Eye doctors know best. That’s what we’re taught. If there were a natural treatment for myopia, or other conditions, eye doctors would know about it and be offering it to everyone.
Would they? What happens when there’s a new discovery that upsets the current thinking that the experts were trained in?
Table of Contents
What Happened to a Sociologist
Here’s the way that new discoveries are often taken:
The first thing they try to do is get rid of it. This is often the case where new information emerges that contradicts established theories. It’s a strange phenomenon in science, because we like to think of scientists as rational and reasonable people. But the fact is that when you get very committed to a particular idea I think you start to connect your own personality to it, and any attack on that idea becomes an existential attack on you yourself. Again and again, what we see is the new facts being dismissed because they don’t fit the existing theory, when in fact what we should be doing is modifying the existing theory to explain the newly discovered facts. This is a problem in the whole history of science.Graham Hancock, somewhere in a Joe Rogan podcast – https://www.youtube.com/watch?v=aDejwCGdUV8
Graham Hancock is a British sociologist and author of many books including Fingerprints of the Gods, which I have not read myself but which is a bestseller in the categories of Aztec, Mayan, and Ancient Egyptian History on Amazon. He investigates anomalies that other historians would rather ignore because they don’t fit the narrative. (Leave me a comment below if you’ve read it!)
TED removed Graham Hancock’s TED talk from their distribution channels, on the advice of their “science board.”
Of course, it doesn’t mean that all of his conclusions are right. What it does mean is he’s nearly the only person with his level of knowledge about the subject who is willing to look at information that conflicts with the accepted narrative of history and consider whether a huge part of the narrative could be wrong.
Bates described the same problem in 1920 when his professional peers dismissed his discoveries about improving vision:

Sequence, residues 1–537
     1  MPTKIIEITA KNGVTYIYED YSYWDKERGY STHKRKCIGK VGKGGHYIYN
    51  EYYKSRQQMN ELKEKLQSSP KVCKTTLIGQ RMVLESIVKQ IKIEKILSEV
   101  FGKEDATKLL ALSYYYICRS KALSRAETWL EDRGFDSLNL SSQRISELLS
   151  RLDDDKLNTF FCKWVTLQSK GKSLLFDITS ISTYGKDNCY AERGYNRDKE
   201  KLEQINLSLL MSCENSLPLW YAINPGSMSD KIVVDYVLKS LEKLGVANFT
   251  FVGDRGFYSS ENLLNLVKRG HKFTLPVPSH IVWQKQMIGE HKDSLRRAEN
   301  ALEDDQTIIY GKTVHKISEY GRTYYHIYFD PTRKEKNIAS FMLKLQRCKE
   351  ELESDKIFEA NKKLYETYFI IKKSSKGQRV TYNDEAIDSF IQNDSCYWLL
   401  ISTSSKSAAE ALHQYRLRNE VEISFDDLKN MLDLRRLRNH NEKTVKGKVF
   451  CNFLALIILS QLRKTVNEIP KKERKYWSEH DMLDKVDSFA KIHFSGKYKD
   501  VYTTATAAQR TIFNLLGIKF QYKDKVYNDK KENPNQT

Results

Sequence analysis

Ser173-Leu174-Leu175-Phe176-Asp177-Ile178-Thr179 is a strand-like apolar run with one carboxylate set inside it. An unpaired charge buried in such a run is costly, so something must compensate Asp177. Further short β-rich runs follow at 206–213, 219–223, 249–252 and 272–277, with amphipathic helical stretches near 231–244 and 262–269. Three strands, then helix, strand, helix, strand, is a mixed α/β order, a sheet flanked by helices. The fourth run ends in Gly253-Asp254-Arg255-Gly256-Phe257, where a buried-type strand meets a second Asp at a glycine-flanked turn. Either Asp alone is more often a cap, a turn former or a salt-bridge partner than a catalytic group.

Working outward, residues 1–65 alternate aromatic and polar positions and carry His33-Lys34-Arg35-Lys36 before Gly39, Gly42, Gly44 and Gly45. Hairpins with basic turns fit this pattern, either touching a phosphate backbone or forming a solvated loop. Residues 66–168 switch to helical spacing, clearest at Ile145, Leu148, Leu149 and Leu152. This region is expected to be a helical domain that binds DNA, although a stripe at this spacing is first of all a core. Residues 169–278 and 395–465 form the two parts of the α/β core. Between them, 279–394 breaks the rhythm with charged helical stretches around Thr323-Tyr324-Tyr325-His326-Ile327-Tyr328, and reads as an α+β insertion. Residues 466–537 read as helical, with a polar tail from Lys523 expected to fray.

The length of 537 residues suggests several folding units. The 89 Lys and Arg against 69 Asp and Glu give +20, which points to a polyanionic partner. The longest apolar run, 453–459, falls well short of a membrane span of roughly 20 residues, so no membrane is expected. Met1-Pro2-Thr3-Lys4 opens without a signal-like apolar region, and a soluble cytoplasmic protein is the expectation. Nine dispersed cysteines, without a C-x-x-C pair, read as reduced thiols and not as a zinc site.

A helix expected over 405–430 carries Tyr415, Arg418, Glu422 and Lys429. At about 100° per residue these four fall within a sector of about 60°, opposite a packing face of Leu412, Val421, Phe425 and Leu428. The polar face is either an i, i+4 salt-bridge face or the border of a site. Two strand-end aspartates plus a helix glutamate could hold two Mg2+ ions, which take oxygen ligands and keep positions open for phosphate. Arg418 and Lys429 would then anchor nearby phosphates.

The fact is that, except in rare cases, man is not a reasoning being. He is dominated by authority, and when the facts are not in accord with the view imposed by authority, so much the worse for the facts.https://www.iblindness.org/ebooks/perfect-sight-without-glasses/ch32/
Faced with criticism from his peers, Bates presented his findings to Dr. Roosa (I found him on Wikipedia!), the faculty president at the New York Post-Graduate Medical School where Bates worked as instructor of ophthalmology for several years.
This method did not appeal to him, however. He repeated that it was impossible to cure myopia, and to prove that it was impossible he expelled me from the Post Graduate, even the privilege of resignation being denied to me.https://www.iblindness.org/ebooks/perfect-sight-without-glasses/ch32/
The scientific institutions control who is allowed to hold positions of authority or influence. If you suggest ideas – or show evidence – that step on the wrong toes, you’re out. The truth does not win out, not internally. You have to work outside the system if you really want to explore.
Hey, this is nothing new. Dogma has taken hold of people throughout history. One institution loses favor, only to give way to another one. But this time we have it right! Yeah, right.
Another Rebellious Scientist: Rupert Sheldrake
They did the same with Rupert Sheldrake, a biochemist who gave a powerful talk on the ten dogmas of science that also he goes over in his book, Science Set Free.
Among the dogmas of science he describes are the ideas that nature is mechanical and without purpose, all matter is unconscious, and all medicine that works is mechanical in nature.
I have a problem with these ideas. That isn’t how I view the world or live in it on a daily basis.
Accepted Science and Your Vision
The worldview of the scientific community tells you that your allowable choices for myopia are glasses or laser surgery. They love glasses, in the spirit of the idea that the human body is merely a machine that can be extended. Laser surgery, similarly, treats the eyes as a machine that can be altered, not living tissue. They ignore the side effects.